Expanding human-based predictive models capabilities using organs-on-chip: A standardized framework to transfer and co-culture human iPSCs into microfluidic devices

Jessica Rontard, Benoît GC Maisonneuve* and Thibault Honegger

Published: 13 April, 2023 | Volume 7 - Issue 1 | Pages: 017-021

There is an urgent need for predictive preclinical models to enhance the success rate of clinical trial outcomes. One of the main reasons for drug attrition is the lack of translational models, methods using human cells are particularly in the spotlight of regulatory bodies as they offer an alternative to in vivo studies and have the potential to improve the translational of preclinical trials. Organs-on-Chips (OoCs) are sensible candidates to reduce the cost and the ethical burden of animal models while accelerating and de-risking drug development. The innovation of such systems is based on both the increased relevance of the cells used and the ability to build precise, yet physiologically relevant, complex architectures.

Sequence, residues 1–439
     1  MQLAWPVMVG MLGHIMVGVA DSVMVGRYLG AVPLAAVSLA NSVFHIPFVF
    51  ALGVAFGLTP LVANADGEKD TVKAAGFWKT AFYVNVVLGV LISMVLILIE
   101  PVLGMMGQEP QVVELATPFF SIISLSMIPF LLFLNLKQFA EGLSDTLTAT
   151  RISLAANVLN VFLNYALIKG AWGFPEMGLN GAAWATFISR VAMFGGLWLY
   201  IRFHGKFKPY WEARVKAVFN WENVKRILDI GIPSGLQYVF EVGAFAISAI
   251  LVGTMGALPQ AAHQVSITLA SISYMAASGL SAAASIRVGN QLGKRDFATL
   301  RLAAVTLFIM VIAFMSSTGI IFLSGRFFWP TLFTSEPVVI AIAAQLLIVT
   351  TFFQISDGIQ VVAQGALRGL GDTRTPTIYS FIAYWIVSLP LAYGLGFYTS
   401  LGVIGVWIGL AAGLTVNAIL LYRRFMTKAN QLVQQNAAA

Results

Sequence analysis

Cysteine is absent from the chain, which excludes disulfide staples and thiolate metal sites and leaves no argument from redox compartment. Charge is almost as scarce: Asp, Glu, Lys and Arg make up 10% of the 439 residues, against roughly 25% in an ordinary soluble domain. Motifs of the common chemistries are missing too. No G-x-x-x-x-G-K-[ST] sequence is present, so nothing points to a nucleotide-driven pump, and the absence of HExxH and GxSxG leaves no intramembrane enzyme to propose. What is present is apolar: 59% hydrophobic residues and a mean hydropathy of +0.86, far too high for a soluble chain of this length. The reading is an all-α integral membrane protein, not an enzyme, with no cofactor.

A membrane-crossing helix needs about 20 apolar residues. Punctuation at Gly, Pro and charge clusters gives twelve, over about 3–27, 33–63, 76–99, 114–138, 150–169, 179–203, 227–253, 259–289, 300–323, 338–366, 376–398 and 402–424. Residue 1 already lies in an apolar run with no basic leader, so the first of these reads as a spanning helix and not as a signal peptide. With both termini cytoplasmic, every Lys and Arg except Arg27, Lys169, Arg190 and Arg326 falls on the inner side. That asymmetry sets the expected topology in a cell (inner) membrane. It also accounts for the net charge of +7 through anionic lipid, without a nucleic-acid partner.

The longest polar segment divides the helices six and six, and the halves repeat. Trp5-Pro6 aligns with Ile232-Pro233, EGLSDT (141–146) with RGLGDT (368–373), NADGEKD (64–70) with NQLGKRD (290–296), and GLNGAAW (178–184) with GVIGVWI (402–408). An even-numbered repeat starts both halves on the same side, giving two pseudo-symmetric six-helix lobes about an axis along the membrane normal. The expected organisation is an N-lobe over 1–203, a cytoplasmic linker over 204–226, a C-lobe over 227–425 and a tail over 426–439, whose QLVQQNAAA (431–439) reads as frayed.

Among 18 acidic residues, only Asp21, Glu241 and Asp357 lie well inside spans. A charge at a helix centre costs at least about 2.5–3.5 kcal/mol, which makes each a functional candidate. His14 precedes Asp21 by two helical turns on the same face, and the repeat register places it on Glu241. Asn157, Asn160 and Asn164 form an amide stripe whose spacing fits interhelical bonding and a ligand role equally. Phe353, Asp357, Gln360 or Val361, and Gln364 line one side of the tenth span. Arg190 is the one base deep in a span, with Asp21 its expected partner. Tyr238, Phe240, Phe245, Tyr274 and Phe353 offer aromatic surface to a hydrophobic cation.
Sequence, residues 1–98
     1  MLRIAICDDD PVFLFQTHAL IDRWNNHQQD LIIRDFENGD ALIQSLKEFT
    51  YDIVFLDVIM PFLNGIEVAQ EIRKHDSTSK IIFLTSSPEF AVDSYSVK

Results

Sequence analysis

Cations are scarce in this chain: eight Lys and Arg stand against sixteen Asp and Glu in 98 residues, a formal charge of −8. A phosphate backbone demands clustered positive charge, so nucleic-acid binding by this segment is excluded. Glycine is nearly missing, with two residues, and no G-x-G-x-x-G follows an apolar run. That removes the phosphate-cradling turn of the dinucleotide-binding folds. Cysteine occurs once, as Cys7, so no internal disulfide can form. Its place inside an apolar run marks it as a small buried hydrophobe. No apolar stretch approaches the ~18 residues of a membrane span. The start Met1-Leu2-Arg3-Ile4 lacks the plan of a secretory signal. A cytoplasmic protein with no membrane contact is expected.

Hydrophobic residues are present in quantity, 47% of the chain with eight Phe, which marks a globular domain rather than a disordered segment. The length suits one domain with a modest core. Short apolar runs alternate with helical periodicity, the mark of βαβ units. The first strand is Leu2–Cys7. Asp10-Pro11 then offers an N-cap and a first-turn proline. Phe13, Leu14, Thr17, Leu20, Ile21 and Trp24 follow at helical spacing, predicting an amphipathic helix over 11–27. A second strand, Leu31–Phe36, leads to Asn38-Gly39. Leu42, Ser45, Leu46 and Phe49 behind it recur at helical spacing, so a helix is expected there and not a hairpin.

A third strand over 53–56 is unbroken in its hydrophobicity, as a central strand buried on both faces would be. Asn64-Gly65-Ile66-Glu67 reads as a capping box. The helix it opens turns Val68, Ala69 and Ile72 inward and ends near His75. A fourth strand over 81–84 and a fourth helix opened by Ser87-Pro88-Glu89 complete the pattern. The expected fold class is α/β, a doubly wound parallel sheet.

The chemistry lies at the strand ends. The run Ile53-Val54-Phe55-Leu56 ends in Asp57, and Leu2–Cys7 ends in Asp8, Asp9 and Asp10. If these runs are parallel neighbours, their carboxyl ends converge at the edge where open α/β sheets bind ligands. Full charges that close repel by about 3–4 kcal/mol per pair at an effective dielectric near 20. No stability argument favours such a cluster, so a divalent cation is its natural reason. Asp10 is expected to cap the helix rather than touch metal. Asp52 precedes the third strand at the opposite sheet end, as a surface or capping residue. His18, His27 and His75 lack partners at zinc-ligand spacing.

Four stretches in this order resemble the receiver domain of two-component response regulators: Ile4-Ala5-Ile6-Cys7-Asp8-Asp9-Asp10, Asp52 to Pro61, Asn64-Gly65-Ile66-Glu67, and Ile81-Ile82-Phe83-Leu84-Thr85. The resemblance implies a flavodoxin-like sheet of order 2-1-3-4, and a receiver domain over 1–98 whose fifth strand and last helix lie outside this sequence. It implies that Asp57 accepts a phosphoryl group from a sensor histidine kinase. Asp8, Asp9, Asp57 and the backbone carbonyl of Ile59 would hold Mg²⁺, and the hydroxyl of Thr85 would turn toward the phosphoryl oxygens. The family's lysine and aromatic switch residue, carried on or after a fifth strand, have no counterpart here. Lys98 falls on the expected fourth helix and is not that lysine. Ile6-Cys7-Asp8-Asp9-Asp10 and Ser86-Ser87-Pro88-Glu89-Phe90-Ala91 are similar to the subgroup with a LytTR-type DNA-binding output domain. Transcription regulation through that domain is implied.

The use of microfluidic technologies with human induced pluripotent stem cells (hiPSCs) opens new routes to create relevant in vitro approaches as they will soon be able to reproduce clinical characteristics of donors or specific populations. 
The adoption of OoC models by pharmaceutical industries, and in fine by regulatory agencies, still requires: (i) establishing standardized, reproducible, robust, and replicable cell culture protocols with specific validation and characterization criteria, (ii) evidence that the technology predicts human responses, thus allowing to contribute efficiently and reliably to clinical trials success of novel therapeutics, and (iii) evidence that the models refine and reduce animal testing without compromising with the quality and the pertinence of the data generated.

Read Full Article HTML DOI: 10.29328/journal.apps.1001039 Cite this Article Read Full Article PDF


New approach methodologies (NAM); Organ-on-chip (OoC); Human induced pluripotent stem cells (hiPSCs); Standardization; Microfluidic technology; Predictive human cell-based in vitro models


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